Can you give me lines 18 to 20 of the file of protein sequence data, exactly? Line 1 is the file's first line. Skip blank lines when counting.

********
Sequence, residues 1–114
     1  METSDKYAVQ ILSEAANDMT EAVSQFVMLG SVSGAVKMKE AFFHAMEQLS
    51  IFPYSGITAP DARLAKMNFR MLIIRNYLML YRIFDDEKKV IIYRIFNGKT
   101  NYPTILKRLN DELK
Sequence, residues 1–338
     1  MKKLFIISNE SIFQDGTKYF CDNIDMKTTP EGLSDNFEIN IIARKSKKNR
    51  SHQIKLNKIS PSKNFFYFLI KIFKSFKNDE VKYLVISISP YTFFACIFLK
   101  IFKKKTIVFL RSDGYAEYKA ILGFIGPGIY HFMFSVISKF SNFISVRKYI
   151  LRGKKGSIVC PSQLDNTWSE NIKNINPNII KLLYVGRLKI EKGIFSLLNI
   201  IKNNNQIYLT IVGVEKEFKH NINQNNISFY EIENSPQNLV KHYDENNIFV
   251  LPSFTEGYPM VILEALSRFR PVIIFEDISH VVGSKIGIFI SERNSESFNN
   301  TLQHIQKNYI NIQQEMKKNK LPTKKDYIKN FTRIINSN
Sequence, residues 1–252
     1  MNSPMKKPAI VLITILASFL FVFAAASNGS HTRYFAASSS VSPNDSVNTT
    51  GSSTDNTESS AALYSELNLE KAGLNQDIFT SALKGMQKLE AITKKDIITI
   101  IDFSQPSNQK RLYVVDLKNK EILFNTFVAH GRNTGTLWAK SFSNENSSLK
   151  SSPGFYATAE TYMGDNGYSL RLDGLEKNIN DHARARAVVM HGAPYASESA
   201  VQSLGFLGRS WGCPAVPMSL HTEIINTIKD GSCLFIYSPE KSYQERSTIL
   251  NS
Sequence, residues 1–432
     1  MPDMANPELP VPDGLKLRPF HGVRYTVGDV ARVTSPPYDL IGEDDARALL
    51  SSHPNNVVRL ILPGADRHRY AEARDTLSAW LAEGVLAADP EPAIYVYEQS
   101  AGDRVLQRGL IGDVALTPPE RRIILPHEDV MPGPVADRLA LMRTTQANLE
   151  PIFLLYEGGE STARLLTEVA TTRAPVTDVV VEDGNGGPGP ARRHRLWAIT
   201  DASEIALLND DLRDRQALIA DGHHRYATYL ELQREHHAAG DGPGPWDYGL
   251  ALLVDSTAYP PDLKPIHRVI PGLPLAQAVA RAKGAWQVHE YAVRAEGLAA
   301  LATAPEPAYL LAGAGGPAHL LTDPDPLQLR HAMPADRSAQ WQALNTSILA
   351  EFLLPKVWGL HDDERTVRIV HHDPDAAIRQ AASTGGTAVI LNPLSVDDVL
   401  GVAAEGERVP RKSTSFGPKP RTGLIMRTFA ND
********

   201  VQSLGFLGRS WGCPAVPMSL HTEIINTIKD GSCLFIYSPE KSYQERSTIL
   251  NS
Sequence, residues 1–432